Video by David Corrigan | Voice of Stephanie Salazar
Laupahoehoe High will become a charter school.
That was the decision made by the newly appointed Hawaii Board of Education at a recent meeting held on Oahu, a few short months after the Charter School Review Panel voted to deny the application to convert the school. It appeared at the time as if no charter school would be awarded in the state of Hawaii for the second straight year. The board had until October 4th to decide an appeal.
It was a joyous scene in February 2010, when school teachers, faculty, parents and community members voted to convert the public k-12 school into a charter school. The night of the vote, we spoke to Judi Steinman, a resident of Laupahoehoe who lives along the winding country road just mauka of the school, and we again caught up with her at her home this weekend.
Supporters of the charter school effort issued this media release a few days after the decision was made:
The public school in Laupahoehoe will open as a conversion-charter school in August 2012, admitting all students in its large catchment area, which lies along the Hamakua Coast of Hawai`i Island between O’okala and Umauma. If there is room, the school will also accept transfer students from other areas.
“I would like to thank everyone who supported our efforts,” said Lucille Chung, a member of the advocate group supporting the charter school conversion effort, and 1958 graduate of the school at Laupahoehoe. “We as a Laupahoehoe school community, have been awarded a wonderful opportunity, as well as a great responsibility, to improve upon and further develop a school where all are welcome to participate in promoting a learning environment of trusting relationships, and relevant and rigorous educational experiences. We are going to create a great school that lives ALOHA, and we invite everyone to help us accomplish this. It has to be a KAKOU THING.
The Laupahoehoe Community Public Charter School will be characterized by an innovative and proven curriculum, where experiential learning opportunities engage students in rigorous academic work. A local school board will be responsive to community needs, interests and values, and is considered a primary benefit of conversion.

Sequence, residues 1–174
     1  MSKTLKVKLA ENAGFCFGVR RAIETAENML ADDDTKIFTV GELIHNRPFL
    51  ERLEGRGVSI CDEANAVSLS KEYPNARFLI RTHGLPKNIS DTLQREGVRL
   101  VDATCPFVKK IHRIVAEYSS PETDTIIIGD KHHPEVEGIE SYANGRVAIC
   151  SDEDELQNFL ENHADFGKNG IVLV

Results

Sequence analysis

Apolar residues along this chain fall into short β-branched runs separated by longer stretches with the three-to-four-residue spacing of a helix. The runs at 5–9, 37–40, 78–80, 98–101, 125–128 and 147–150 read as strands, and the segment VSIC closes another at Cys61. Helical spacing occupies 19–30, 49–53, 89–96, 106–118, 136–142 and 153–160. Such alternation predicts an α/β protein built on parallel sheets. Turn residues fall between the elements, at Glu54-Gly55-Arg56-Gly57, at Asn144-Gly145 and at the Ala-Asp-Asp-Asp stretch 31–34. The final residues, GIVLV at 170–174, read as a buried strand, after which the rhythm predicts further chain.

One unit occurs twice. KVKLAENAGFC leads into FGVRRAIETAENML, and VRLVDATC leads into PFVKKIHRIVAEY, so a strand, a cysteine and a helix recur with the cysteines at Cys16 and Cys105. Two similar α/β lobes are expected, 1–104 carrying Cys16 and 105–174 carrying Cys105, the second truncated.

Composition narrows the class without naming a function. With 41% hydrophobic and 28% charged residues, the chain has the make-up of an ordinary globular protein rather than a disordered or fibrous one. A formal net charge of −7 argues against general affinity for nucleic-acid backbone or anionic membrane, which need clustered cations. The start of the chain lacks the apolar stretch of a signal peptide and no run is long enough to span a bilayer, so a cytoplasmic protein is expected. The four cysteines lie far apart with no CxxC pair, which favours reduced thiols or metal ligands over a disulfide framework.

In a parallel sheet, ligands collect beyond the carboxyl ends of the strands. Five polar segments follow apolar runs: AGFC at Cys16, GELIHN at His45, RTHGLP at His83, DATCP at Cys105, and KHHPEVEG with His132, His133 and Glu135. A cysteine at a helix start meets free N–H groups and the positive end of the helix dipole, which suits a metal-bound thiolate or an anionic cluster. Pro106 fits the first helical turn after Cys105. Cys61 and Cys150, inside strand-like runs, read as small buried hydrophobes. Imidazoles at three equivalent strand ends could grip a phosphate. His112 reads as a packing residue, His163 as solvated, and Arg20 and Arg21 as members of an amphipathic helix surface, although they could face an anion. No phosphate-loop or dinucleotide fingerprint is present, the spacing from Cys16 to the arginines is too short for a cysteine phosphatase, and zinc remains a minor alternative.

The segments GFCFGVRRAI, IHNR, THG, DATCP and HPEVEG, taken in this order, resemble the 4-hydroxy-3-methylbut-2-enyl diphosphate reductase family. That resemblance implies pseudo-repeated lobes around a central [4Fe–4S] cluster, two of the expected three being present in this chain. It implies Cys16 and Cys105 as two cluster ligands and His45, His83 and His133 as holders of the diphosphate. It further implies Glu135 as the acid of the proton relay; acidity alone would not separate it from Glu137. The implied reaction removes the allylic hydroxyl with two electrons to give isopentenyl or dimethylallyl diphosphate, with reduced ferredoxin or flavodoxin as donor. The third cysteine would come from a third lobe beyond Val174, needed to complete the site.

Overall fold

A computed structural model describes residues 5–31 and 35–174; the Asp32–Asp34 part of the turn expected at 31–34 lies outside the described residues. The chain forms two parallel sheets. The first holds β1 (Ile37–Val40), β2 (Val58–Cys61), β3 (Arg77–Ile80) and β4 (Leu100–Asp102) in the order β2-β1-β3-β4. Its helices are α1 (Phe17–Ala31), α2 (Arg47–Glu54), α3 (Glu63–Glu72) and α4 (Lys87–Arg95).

In addition, charter status will allow greater freedom for the school to forge public and private partnerships. Over a dozen partners have expressed an interest in helping to enrich the school’s curriculum by providing a variety of educational opportunities. The charter school plans to develop electives in a wide range of subjects, including (but not limited to) forest ecology, agriculture, automotive mechanics, carpentry, music, home economics and alternative energy, as well as maintain a strong sports program. As a conversion-charter school, it will receive support from the Department of Education for the management of the campus and facilities.
Plans are underway for an election in November 2011 to select a permanent local school board. The board will consist of representatives of the school stakeholder groups: parents, community, faculty, staff and administration. Candidates will be elected by their corresponding constituents (i.e., teachers will elect teacher representatives, parents the parent representatives, etc.). The local school board will work closely with teachers and administration at the school to ease the transition to charter status.
The original Laupahoehoe High and Elementary School opened its doors on Laupahoehoe Point in 1883. After 24 students and teachers lost their lives in the 1946 tsunami, a community in mourning hired the renowned designer of the USS Arizona Memorial to build a fitting tribute, and the school that he designed opened at its present location in the fall of 1952. It remains today one of the most beautiful, comfortable and environmentally appropriate school campuses in the islands.
The charter school initiative in Laupahoehoe began to coalesce in 2008 when a diverse group of parents, alumni, and community leaders came together to re-imagine Laupahoehoe High & Elementary School. The group worked closely with the Laupahoehoe Alumni/Community Association (“LACA”), a non-profit corporation founded in 2001 to preserve and perpetuate the school and area’s rich cultural and historic heritage.
In October, 2009, LACA received a $455,100 federal grant to plan and implement the charter school. In February of 2010, a vote was conducted by the League of Women Voters, revealing that 81 percent of the 180 eligible stakeholders (teachers, parents and school employees) who voted were in favor of converting Laupahoehoe’s existing school to a charter school. The formal application process took two years, and culminated in the issuance of a charter by the Board of Education.
The applicant group wishes to thank all those, including Governor Neil Abercrombie, who supported the charter school effort.
More information about the Laupahoehoe Community Public Charter School may be found at its website: www.laupahoehoecharterschool.com